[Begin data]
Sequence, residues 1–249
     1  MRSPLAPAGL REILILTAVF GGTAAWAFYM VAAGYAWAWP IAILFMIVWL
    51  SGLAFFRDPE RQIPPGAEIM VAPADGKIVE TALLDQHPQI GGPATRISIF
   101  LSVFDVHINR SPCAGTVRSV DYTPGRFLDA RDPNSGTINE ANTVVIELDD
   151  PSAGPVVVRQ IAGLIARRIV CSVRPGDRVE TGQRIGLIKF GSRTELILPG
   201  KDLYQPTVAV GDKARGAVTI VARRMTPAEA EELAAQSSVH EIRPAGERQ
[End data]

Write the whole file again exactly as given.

Sequence, residues 1–249
     1  MRSPLAPAGL REILILTAVF GGTAAWAFYM VAAGYAWAWP IAILFMIVWL
    51  SGLAFFRDPE RQIPPGAEIM VAPADGKIVE TALLDQHPQI GGPATRISIF
   101  LSVFDVHINR SPCAGTVRSV DYTPGRFLDA RDPNSGTINE ANTVVIELDD
   151  PSAGPVVVRQ IAGLIARRIV CSVRPGDRVE TGQRIGLIKF GSRTELILPG
   201  KDLYQPTVAV GDKARGAVTI VARRMTPAEA EELAAQSSVH EIRPAGERQ